A Chinese man has held a funeral for himself just to see how many people would turn up.
Zhang Deyang from northern Shandong province organised a mock ceremony – and told his friends and family – in the city of Rizhao earlier this month.
Pictures showed the 66-year-old crawling on the dirt into a fake grave as amused onlookers took pictures on their smart phones.
Mr Zhang never married or had kids and had done many good deeds that “didn’t grab much attention in the community,” leading him to spend 16,000 yuan (£1,700) on a mock funeral, a report on Netease portal said.
“He needed proof of his existence,” the report said bluntly.
In Chinese culture, the dead are believed to have the same needs as the living. Families are not only expected to arrange for the funerals, but also pay regular visits to the graves. They burn incense to “feed” the dead and paper money for their loved ones to spend in the afterlife.
Mr Zhang was worried that no one would take care of him in death.
So he erected his own tombstone in advance a few years ago, and eventually planned this mock funeral this year.
Reaction from local villagers were divided. “This type of ceremony wasn’t worth the price, and that money could have been donated instead,” said a man who had attended the mock funeral.
Another villager was more understanding of Mr Zhang’s mental state.
“After working hard for a lifetime, Mr Zhang is alone, and has an empty nest. For these reasons its hard to avoid carrying some bitterness in the heart.”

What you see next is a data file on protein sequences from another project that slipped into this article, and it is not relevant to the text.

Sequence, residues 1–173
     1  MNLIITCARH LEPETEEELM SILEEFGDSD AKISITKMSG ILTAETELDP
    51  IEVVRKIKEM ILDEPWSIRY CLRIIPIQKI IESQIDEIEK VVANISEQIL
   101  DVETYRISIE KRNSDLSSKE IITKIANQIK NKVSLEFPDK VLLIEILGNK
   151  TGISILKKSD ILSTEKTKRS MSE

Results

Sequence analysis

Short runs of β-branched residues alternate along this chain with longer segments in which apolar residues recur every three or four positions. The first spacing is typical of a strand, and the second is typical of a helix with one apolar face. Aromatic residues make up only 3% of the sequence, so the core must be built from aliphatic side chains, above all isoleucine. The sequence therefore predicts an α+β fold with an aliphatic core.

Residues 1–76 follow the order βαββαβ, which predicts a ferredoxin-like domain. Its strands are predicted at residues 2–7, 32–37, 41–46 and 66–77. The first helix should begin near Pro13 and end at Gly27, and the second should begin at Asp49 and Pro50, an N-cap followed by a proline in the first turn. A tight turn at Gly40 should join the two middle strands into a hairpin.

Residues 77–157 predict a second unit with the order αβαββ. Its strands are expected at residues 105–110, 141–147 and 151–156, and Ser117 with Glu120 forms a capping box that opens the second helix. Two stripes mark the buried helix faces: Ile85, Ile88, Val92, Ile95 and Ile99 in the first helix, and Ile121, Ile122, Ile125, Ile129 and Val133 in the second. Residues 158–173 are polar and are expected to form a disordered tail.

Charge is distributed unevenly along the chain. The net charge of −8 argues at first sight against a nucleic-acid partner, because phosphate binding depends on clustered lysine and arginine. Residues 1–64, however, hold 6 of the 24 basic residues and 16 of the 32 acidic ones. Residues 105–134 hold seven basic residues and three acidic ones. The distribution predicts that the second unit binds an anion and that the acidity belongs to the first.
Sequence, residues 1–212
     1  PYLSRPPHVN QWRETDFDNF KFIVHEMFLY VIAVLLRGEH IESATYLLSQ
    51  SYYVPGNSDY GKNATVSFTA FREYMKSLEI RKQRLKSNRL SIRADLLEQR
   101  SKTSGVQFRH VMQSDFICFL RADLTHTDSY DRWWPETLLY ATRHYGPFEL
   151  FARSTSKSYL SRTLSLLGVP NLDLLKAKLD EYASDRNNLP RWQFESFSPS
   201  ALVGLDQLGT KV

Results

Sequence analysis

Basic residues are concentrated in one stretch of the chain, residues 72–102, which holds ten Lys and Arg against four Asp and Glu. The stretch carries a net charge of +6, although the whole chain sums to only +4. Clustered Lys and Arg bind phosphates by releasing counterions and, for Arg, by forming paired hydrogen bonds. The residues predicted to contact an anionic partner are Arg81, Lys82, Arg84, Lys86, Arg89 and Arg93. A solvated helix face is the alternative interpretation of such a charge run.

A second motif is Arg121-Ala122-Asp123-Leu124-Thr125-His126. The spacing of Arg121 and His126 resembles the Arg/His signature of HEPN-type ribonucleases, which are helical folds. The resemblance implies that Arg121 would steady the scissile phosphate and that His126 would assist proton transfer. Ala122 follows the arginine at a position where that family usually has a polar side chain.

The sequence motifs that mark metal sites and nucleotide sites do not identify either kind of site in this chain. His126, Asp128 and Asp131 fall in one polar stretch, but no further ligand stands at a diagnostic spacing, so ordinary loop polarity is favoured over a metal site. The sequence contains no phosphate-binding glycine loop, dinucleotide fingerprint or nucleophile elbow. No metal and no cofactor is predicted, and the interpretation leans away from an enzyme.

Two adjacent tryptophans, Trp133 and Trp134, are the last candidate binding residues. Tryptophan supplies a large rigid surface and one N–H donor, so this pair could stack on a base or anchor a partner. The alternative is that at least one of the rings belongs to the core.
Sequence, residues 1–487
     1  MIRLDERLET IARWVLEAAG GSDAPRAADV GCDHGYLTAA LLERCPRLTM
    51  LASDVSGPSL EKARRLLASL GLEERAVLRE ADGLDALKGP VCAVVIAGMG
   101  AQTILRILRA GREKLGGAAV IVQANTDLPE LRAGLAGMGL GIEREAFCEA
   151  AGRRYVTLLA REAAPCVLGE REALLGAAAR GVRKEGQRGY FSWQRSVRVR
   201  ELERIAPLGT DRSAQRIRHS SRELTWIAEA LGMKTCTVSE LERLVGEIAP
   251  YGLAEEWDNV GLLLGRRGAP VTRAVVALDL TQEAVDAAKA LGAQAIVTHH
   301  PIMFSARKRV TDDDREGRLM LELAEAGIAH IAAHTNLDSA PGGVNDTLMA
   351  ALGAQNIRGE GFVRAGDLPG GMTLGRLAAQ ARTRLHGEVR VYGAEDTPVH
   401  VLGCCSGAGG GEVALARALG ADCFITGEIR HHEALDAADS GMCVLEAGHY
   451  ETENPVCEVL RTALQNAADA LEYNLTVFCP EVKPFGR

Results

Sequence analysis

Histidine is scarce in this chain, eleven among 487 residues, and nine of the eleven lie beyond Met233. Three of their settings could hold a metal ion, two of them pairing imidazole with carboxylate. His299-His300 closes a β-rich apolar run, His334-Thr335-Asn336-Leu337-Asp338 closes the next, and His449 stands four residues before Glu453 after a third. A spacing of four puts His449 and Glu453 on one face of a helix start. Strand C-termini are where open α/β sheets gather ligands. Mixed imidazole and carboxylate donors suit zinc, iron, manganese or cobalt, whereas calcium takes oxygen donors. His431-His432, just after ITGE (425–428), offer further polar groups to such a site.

Some 40 relatives and friends, along with several hundred curious people from nearby villages attended.
Mr Zhang wore an ill-fitted traditional Chinese suite in blue and gold and sat near a table of snacks as pretend mourners bowed at his feet.
The atmosphere was anything but sombre.
Mr Zhang was seen posing for pictures with curious villagers and had a beaming smile so wide you could hardly see his eyes.
The unusual ceremony reportedly included a mock wedding to a dead woman because it is seen as unlucky to go into the afterlife without a spouse.
“I organised this ceremony because I wanted to separate which people in my life truly cared about me and which ones were fake,” Mr Zhang said in an interview with website Qilu.
He may not have been prepared for the truth.
Days after the event, he still remembered the 20 relatives and friends he invited who failed to show up.
“I can’t believe so many relatives and friends don’t care about me. It still weighs heavy on my heart,” he told the Qilu reporter.
By JENNIFER PAK Feb. 18, 2016 on The Telegraph
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